3.1 Survey, Select & Attack
The SkyNET drone’s initial task is to survey local wire-less networks in the area of interest. Information aboutthe composition of local networks is gathered: BSSID,SSID, encryption type, channel, MAC address(es) of as-sociated clients. Capturing handshakes and data acrossall channels at this point is not feasible as our monitor-ing wireless card has to rapidly cycle through channelsto gather the access point and client association informa-tion efﬁciently. An attacker should structure channel se-lection based upon individual channels wireless network composition. This could be done through weighted met-rics, including composition of encryption types, num-ber of clients per network, and signal strength, allow-ing for more effective use of ﬂight time. As open net-works require no data collection or cracking to connectwe can say that these are the easiest targets. It shouldbe noted that wireless hotspots, although often open net-works, may not provide loyal clients and may be ineffec-tive for exploitation. Once SkyNET has determined thewireless network(s) to attack, it must crack encryption of the various wireless networks it wishes to access.
3.1.1 Wired Equivalent Privacy (WEP)
WEP requires clients and access points to share up tofour secret symmetric keys for communications. Mostinstallations just use a single key called the root key.Using the improved PTW attack in Aircrack-ng , wecan obtain a 95% success rate of cracking the key withbetween approximately 40,000 and 50,000 packets, de-pending on if the Initialization Vector is generated ran-domly or in counter mode respectively . To put thisinto perspective, a common viral YouTube video
whichis 228 seconds generates 30,208 packets at 320p (the de-fault setting). With packet injection gathering the neces-sary amount of data takes a matter of minutes .
3.1.2 Wi-Fi Protected Access (WPA)
SkyNET inﬁltrates WPA and WPA2 encrypted networksby attacking the Pair-wise Master Key. If a Pre-SharedKey (PSK) is used, then PSK=PMK. The PSK is 8 to63 characters. This is the solution provided to homenetworks, and small enterprises that lack authentica-tion servers. It is generated using a known algorithm:PSK=PMK=PBKDF2 (password, SSID, SSID length,4096, 256) where PBKDF2 is a method used in RSA’sPublic Key Cryptography Standard #5, 4096 is the num-ber of hashes, and 256 bit is the output length. Thenumber of hashes required makes brute forcing compu-tationally intensive and not suitable to be done on thedrone .The Pairwise Temporal Key each client session uses isderived from the PMK using the 4-way handshake. Toattack the PMK, the attacker needs to capture the 4-wayhandshakemessages. Anattacker, thedrone, canactivelyforce a 4-way handshake to occur by deauthenticating anassociated client, forcing the client to re-associate withthe access point .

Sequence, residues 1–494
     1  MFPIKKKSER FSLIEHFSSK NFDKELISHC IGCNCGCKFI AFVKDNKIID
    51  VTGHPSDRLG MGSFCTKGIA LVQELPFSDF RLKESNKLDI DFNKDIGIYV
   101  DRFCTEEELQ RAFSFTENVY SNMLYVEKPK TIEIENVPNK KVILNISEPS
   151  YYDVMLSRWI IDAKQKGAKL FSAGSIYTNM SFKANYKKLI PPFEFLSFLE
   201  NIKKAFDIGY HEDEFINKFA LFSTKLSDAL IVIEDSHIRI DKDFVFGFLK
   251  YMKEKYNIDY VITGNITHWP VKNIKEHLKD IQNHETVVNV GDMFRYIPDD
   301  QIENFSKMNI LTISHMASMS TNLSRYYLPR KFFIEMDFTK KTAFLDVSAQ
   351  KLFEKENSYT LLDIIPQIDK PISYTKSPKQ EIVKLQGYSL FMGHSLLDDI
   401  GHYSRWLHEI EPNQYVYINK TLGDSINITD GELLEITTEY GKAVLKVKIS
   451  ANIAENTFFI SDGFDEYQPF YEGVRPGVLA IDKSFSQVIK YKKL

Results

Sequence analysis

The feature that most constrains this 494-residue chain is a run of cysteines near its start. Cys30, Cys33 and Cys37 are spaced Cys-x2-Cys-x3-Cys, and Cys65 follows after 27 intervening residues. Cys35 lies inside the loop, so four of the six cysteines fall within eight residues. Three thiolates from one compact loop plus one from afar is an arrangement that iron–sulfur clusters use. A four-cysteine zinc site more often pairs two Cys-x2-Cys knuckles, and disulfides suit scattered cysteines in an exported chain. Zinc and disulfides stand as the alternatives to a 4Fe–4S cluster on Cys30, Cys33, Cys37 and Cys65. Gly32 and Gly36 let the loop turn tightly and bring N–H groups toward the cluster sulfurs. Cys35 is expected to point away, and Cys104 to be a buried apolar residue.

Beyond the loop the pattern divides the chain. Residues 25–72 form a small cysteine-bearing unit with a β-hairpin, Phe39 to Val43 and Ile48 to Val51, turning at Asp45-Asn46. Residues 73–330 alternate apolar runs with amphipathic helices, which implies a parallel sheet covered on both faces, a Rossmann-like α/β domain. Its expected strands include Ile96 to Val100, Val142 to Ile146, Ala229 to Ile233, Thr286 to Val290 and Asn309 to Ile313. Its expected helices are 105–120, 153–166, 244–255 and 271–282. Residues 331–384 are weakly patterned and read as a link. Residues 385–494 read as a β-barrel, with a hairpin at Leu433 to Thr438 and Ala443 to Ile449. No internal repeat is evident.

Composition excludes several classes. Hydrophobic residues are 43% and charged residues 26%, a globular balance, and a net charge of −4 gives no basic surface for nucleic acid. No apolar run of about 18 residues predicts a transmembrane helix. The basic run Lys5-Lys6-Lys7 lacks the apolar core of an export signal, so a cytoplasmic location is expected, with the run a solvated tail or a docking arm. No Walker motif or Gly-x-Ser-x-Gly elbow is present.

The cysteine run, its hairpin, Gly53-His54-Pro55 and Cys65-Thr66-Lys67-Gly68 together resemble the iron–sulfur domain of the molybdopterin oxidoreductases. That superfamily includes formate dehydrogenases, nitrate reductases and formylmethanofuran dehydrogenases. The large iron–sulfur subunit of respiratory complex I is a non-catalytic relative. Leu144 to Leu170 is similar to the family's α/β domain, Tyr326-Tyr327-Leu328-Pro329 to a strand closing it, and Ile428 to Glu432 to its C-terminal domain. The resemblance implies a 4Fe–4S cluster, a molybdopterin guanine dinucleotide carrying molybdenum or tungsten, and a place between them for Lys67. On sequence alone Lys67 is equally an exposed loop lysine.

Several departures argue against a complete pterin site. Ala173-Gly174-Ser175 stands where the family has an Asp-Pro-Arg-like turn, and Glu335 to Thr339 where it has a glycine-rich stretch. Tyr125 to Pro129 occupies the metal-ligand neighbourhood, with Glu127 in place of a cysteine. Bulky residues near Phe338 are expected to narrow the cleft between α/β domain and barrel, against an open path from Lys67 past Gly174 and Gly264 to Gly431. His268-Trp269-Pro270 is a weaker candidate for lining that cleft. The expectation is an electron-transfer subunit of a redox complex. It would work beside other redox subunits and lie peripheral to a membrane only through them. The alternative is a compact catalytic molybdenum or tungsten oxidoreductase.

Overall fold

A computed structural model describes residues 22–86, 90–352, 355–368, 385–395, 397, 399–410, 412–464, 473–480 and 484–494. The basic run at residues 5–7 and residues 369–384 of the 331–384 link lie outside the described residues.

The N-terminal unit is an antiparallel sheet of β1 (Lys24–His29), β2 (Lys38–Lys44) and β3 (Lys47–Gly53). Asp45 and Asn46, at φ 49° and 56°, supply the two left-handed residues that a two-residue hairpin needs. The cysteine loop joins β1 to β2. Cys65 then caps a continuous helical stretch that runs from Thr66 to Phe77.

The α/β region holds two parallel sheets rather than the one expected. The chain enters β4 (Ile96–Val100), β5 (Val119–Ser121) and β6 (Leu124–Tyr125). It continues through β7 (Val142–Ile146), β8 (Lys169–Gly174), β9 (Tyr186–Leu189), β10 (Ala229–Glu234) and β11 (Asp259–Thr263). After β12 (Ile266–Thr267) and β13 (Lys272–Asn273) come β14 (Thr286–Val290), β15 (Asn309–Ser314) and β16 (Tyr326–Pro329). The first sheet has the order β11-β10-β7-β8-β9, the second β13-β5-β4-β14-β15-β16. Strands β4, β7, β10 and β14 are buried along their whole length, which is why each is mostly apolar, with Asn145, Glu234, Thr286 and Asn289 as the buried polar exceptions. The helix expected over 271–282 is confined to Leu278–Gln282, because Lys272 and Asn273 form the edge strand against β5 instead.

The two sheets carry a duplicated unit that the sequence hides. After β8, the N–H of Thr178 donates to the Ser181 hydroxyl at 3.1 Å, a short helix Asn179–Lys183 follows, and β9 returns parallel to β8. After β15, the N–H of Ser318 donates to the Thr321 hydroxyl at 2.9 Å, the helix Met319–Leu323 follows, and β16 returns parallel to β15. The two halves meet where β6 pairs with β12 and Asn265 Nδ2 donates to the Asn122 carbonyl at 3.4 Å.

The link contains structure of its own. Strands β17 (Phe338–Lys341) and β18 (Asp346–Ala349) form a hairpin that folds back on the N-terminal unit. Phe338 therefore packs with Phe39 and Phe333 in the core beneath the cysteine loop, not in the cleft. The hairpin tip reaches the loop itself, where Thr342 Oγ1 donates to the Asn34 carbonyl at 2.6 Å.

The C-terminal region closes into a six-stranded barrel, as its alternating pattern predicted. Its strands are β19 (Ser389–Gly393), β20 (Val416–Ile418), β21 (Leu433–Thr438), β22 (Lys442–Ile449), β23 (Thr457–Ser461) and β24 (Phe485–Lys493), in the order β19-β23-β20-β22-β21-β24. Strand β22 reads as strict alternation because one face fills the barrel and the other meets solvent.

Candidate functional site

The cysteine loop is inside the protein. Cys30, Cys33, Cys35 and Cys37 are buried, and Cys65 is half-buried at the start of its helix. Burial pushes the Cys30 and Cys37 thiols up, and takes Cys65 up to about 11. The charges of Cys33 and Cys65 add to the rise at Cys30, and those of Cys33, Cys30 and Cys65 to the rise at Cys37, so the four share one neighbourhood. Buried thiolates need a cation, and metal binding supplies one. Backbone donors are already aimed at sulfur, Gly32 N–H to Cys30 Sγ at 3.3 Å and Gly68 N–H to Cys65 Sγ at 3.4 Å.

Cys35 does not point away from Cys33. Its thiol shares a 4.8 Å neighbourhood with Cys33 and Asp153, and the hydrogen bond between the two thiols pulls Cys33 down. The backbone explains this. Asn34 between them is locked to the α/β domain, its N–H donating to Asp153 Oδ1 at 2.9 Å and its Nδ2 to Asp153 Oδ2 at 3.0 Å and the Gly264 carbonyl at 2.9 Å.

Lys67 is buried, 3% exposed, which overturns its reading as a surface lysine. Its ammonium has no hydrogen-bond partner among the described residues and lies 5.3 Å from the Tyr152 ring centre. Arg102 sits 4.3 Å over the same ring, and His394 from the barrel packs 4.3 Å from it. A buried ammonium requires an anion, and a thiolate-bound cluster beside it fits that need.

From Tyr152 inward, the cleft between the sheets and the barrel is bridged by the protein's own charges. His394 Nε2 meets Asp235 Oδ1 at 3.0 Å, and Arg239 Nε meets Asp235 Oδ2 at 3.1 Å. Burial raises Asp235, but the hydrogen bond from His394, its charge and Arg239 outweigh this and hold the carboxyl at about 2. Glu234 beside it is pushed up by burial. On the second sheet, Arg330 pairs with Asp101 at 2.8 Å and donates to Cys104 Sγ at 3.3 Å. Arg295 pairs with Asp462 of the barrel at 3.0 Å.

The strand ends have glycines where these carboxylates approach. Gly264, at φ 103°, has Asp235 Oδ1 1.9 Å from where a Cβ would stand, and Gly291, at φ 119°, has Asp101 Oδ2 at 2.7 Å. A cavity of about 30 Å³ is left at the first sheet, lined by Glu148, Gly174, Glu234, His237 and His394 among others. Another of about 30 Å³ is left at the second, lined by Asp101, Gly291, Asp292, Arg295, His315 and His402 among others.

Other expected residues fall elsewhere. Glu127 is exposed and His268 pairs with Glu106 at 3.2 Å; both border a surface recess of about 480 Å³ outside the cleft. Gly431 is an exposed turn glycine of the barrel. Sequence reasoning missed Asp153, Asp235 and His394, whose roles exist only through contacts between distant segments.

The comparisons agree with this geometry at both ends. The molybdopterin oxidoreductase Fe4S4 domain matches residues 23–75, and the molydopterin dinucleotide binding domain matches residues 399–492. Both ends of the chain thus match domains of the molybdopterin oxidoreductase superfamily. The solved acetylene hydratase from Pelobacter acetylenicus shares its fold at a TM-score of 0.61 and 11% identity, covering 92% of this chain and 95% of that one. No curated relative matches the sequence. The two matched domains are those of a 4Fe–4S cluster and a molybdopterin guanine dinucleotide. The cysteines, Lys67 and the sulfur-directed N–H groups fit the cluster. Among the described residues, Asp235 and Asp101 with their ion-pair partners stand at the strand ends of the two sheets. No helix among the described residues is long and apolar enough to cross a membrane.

As the drone has limited computational power, crack-ing keys in wireless networks efﬁciently is not feasible.To compensate, the drone utilizes a 3G mobile data link to off-load computation to an Amazon Elastic ComputeCloud (EC2) GPU Cluster  instance running Aircrack-ng  and Pyrit . The full utilization of the Aircrack-ng suite is available on the drone for packet capture andattacks requiring injection.
3.2 Attack & Enlist
Once the drone has access to a compromised network its second task is to attack hosts; preferring non-mobilehosts. The botmaster can deploy an array of attack scripts or frameworks. In our example we suggest us-ing the open source Metasploit framework, scripted torun
. Once a host is compromised, thedrone exchanges identiﬁcation information, conﬁgures acallback mechanism, and secures the host as it is now apotential asset to SkyNET. A better outline of this ex-change is described in the next section.
4 SkyNET Command and Control
In this section we describe an example protocol for con-trolling SkyNET. This protocol demonstrates a processof converting a compromised host into a bot controller(Enlist), and a process for commanding bot controllers.Controllers will receive command data delivered by aSkyNET drone, from the botmaster. In this example wedemonstrate how the drone can be used as a secure andtrusted channel (phase 1), and as an untrusted informa-tion relay (phase 2). Figure 2 shows these two phases forone bot controller (host/controller), separated by a star.The star represents a second ﬂight of the SkyNET drone.We refer to this example protocol as a control protocol,but it also delivers botnet commands to bot controllers.An encryption or decryption key used between parties
for communication from
for communication from
. We callthe botmaster
, a host or controller
and the drone